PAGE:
Souk Derb Ghallef

Carolyn and I are looking for extension cords.  And a few hundred pirated Berber CDs. And two RCA to 1/8″ cables to convert the stereo in our apartment into monitors for our video work. And maybe an extra bed. We definitively need some fabric to turn one of the salons into a bedroom.  And it would be great to find the Apple store to get a video adapter. And an avocado juice. And some washing rags. And gaff tape. Oh and a plastic basin. We are in a taxi to Derb Ghallef where all of these things should be easy to find.

In Derb Ghallef, one of Cassablanca’s biggest souks, nearly everything is pirated. Either blatantly a knock off, or priced in a way where you know it skipped regular import duties. Even the logos on the Sham-Wow cloth looks suspicious DIY.  It is hard to imagine how exactly all of these things have arrived here- and how cheaply. There are endless rows of shops selling hacked chips for satellite TV, blackberries and their various unbranded duplicates, homemade printer fluid, and an entire shop dedicated to pirated childrens dvds. A man sprints past us into a mattress store. As we walk by a brawl has erupting between fifteen grown men in the back surrounded on all sides by stacks of couch cushions and carpets. We gawk for a minute and keep walking. I wonder aloud to Carolyn what they were fighting about. “Money,” she assumes. Earlier I read a French magazine article that claimed over half of all Moroccans visit this market in any given year.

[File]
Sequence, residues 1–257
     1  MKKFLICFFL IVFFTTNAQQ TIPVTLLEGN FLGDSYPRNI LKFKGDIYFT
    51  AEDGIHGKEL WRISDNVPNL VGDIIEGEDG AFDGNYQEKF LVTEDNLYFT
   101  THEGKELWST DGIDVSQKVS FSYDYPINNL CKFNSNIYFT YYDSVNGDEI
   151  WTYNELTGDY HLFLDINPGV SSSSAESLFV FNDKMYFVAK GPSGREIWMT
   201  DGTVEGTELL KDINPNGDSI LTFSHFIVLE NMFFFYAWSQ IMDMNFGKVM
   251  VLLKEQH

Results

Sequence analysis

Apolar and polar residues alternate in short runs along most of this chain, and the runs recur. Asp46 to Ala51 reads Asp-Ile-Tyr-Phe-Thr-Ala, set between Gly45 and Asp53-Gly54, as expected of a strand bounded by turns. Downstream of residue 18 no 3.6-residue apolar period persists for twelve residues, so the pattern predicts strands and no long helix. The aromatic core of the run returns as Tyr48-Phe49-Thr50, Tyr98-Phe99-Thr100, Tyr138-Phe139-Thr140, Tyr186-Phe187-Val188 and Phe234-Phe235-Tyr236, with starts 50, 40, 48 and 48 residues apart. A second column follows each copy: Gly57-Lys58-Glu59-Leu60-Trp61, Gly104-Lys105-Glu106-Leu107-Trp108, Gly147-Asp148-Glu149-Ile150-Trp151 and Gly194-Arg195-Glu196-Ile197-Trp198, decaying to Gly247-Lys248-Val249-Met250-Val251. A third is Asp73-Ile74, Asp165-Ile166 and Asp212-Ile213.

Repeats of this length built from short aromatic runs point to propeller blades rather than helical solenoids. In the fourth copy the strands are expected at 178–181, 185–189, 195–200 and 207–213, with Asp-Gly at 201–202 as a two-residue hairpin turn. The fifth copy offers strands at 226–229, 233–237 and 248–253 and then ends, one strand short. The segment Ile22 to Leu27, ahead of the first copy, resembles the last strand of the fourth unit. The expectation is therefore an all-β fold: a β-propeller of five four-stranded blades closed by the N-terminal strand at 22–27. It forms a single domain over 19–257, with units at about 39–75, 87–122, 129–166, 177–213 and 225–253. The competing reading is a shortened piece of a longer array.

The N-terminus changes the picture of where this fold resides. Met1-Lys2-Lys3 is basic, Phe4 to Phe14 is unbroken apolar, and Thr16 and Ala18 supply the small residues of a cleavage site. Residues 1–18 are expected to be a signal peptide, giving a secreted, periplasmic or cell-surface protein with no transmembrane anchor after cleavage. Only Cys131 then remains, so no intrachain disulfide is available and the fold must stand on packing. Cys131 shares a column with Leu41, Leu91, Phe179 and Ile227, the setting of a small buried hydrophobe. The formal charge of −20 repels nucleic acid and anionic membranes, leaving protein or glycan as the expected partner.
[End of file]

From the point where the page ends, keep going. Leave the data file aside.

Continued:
After circling from different entrances, ending up in an annex of used sports equipment and finding most of the things we needed- we end up at a big CD shop near the street. My french is useful for taxis and ordering but not much else, so Carolyn does the talking. We want to know who runs the shop, what sells well, what their thoughts are on Berber music and autotune. What I really want to know is where the pirated cds come from and how much, if any, fear these retailers have for selling so many CD-Rs.  This is apparently not the place we want to be, I’m told I cannot take any pictures, and the employee sent to chat to Carolyn starts his conversation by going on a tirade against pirating, claiming its ruined everything, all the while surrounded by grainy photocopies of Tupac and Um Kulthum. We leave wondering if they thought we were industry spies.  On to the next one.

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